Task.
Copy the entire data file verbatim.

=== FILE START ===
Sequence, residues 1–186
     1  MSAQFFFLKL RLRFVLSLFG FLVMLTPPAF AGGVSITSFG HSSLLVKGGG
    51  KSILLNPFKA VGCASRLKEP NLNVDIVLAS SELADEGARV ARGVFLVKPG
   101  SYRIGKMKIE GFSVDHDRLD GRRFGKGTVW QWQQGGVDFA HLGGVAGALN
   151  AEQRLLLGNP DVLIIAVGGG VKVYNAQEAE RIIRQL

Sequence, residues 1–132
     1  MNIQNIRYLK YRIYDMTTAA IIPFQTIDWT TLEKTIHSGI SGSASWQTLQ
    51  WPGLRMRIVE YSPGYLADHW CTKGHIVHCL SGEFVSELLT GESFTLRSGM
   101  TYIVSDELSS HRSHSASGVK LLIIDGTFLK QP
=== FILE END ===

Sequence, residues 1–186
     1  MSAQFFFLKL RLRFVLSLFG FLVMLTPPAF AGGVSITSFG HSSLLVKGGG
    51  KSILLNPFKA VGCASRLKEP NLNVDIVLAS SELADEGARV ARGVFLVKPG
   101  SYRIGKMKIE GFSVDHDRLD GRRFGKGTVW QWQQGGVDFA HLGGVAGALN
   151  AEQRLLLGNP DVLIIAVGGG VKVYNAQEAE RIIRQL

Sequence, residues 1–132
     1  MNIQNIRYLK YRIYDMTTAA IIPFQTIDWT TLEKTIHSGI SGSASWQTLQ
    51  WPGLRMRIVE YSPGYLADHW CTKGHIVHCL SGEFVSELLT GESFTLRSGM
   101  TYIVSDELSS HRSHSASGVK LLIIDGTFLK QP